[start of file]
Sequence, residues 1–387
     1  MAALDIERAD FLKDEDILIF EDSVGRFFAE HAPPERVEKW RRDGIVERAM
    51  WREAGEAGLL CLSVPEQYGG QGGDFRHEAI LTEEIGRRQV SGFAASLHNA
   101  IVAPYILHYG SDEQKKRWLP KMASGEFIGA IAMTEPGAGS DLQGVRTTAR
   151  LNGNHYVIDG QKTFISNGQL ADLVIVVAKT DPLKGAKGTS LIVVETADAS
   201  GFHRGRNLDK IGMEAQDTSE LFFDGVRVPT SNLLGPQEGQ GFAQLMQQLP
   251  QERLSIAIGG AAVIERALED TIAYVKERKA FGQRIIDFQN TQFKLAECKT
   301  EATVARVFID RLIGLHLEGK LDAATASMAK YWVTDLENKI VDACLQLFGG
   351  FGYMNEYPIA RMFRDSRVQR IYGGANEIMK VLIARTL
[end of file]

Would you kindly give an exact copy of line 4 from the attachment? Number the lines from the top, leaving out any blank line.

   101  IVAPYILHYG SDEQKKRWLP KMASGEFIGA IAMTEPGAGS DLQGVRTTAR